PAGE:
Gravity works: Star Valley irrigators use gravity flow water
Star Valley – In the unique setting in Star Valley, producer Garry Crook says that irrigation has changed over the years, but much of his irrigated land is watered by gravity fed sprinklers.
“On my operation, I’ve got sprinklers, and part of them are gravity flow,” he explains. “Our irrigation district has about 5,000 acres in it, and the intake is from Cottonwood Creek.”
Because the irrigation intake sits about 1,500 feet above the irrigated land, Crook explains that pressure builds while the water is traveling to high enough levels to power sprinklers.
“The water is carried in pipes, and the pressure builds up to sprinkler pressure,” he explains. “The sprinklers also have pressure control valves, so it doesn’t get too high.”
In using gravity-powered sprinklers, producers are able to save money, since they aren’t paying to pump water from ditches or canals.
“There are several fairly large irrigation districts in the valley that use the gravity to power sprinklers.”
He adds that a number of smaller districts have similar systems.
“There is still some flood irrigating going on too, but it’s tricky when you use the canal,” Crook says, adding that some producers still pump water to power their sprinklers.
“The sprinkler system was changed over from flood irrigation to sprinkler systems in 1971,” says Crook of his operation. “We switched because of the efficiency and the increase in crop production.”
Garry notes that on his operation, since switching to sprinklers, he has nearly doubled production, as compared to flood irrigation.
“It covers more land, and we apply only what water we need to grow the crops,” he explains. “In flood irrigation, you can only cover part of the land, and the water sinks as it goes. Flood irrigation isn’t very efficient.”
Crook took over his family operation nearly 40 years ago. The land is part of an original homestead.
“I farmed for a living,” says Crook, adding that this year, he leased his farmland.
After going to school at the University of Wyoming, Crook worked in the defense industry for 12 years.
“We moved back to take over the ranch and the farm,” he explains. “We also made our living and raised a family here.”
Crook raised alfalfa, grass hay and barley, mentioning that the climate isn’t warm enough to grow corn or wheat. As far as crops that grow in the short growing season, they were fairly limited to hay, oats and barley.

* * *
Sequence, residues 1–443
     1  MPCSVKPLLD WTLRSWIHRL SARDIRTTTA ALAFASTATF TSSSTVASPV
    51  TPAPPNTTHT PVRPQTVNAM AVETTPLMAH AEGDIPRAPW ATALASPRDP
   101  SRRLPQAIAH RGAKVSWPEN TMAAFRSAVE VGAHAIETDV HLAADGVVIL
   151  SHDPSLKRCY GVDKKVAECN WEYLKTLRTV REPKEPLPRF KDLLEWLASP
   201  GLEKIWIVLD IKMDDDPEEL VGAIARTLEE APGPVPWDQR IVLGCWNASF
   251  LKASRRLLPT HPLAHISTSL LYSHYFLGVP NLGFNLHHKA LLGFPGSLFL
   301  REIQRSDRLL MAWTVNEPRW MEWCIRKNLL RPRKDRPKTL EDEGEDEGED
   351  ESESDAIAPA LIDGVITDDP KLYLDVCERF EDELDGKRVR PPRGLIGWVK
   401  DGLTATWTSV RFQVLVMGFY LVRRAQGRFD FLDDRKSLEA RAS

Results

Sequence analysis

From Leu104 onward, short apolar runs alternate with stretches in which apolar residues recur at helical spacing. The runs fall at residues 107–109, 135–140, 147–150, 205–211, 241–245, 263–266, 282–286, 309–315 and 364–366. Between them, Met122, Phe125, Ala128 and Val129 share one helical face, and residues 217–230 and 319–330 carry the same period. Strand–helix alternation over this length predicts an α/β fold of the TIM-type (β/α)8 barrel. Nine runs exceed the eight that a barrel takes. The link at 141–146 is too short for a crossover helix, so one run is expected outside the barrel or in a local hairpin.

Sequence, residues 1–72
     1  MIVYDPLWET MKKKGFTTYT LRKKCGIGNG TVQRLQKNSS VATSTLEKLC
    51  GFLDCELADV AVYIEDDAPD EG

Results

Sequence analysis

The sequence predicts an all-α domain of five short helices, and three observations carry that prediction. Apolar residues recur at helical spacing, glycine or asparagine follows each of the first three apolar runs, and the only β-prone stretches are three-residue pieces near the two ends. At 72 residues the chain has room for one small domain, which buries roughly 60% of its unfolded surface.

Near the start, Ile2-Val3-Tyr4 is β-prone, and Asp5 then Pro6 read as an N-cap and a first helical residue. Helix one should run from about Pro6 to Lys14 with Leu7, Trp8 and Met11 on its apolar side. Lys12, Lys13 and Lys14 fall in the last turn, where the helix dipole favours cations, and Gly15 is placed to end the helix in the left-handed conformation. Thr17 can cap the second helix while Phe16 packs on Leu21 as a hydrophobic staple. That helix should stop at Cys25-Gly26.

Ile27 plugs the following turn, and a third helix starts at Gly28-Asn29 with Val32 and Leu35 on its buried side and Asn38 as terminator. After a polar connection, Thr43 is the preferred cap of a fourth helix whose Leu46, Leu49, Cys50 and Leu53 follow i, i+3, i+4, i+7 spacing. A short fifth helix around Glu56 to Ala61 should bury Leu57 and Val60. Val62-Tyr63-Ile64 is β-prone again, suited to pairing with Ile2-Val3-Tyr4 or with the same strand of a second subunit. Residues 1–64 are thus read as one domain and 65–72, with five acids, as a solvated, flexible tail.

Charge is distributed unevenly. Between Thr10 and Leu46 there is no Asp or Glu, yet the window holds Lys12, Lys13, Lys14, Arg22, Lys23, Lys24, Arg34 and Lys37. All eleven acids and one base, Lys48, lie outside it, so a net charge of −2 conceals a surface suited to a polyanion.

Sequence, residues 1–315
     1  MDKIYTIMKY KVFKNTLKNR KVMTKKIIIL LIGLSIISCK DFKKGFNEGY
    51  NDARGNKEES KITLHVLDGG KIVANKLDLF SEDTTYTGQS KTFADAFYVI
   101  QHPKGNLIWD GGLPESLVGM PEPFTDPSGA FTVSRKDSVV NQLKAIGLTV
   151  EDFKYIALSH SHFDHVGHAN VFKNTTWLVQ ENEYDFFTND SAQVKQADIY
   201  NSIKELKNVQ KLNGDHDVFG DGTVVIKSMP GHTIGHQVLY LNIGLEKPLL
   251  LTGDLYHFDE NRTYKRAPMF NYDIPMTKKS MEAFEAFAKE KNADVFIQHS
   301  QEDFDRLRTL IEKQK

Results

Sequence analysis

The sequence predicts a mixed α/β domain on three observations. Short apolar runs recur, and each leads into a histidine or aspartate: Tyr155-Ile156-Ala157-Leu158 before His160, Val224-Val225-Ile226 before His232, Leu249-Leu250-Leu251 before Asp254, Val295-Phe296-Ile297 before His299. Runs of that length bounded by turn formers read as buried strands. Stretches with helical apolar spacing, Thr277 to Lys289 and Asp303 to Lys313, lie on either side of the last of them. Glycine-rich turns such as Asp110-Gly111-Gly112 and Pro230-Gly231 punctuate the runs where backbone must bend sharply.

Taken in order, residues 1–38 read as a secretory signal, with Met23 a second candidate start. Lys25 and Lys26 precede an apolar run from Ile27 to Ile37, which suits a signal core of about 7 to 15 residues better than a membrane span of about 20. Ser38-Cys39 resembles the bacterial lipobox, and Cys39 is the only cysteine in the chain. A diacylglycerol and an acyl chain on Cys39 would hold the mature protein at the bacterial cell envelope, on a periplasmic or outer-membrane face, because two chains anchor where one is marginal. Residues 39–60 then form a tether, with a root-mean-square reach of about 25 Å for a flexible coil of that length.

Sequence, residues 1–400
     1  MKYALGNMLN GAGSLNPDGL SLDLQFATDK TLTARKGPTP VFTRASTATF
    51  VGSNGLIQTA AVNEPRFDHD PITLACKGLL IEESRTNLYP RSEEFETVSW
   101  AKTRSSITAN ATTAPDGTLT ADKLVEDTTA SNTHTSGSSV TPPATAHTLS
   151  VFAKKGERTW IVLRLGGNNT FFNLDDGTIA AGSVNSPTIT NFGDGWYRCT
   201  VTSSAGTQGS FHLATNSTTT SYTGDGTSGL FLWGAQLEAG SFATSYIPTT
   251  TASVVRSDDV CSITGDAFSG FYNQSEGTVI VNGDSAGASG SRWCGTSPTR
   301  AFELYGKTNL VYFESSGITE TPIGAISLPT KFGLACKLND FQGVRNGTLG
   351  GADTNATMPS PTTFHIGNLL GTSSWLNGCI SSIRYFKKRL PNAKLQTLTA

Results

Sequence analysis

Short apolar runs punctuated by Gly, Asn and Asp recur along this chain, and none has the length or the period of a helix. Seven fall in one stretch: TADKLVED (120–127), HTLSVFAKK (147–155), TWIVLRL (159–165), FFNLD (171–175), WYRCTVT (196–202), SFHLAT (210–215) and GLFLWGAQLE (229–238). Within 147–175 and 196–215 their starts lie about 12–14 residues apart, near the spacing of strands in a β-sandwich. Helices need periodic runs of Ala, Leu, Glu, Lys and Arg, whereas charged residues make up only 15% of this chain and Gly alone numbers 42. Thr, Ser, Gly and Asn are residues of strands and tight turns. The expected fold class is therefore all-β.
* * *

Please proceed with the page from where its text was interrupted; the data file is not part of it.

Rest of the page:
“We planted the crops that work here, and we harvest only one and a half or two crops a year, instead of the three to four that can be done in warmer climates,” Crook says.
Through the years Crook notes that the equipment they use in their operation has also changed to increase the efficiency of farming.
“We started out with small bales,” he says of the alfalfa operation. “Before that, we had loose hay in stacks. Now we have large, round bales. It is a lot less labor intensive.”
“Most of the crops grown here are fed to beef cattle or exported out,” he notes.
Changes in Star Valley
Since moving to Star Valley, Crook has noticed some substantial changes in the valley.
“While we have been here, dairy operations have gone out of business,” he says. “Those were hard changes to work through.”
He also adds that price variation has been challenging.
“When prices were low, lots of companies went out of business, and that was a challenge,” he adds. “Now there is about one-tenth as many people in the dairy industry as there was 20 to 30 years ago.”
He says there were nearly 300 small dairies a number of years ago, while today only a handful operate in the valley.
“The dairy industry changed in general,” he says. “They went from small operations like here in the valley, to production systems where they have several thousand head of cattle per operation.”
Facilities in the dairy industry have also changed from flat barns to the milk houses and free stall barns that are seen today
He has also noticed that farm ground is being converted into subdivisions, a change that has occurred in the past 10 to 15 years.
“A lot of subdivisions have gone in, and retirees have moved into the valley,” Crook explains. “From an agricultural standpoint, land is broken into small ranchettes, so there aren’t as many operations as there used to be.”
He adds that people in the valley have income from other sources, rather than agricultural production.
“Things have changed quite a bit,” Crook notes.
Saige Albert is managing editor of the Wyoming Livestock Roundup and can be reached at email@example.com.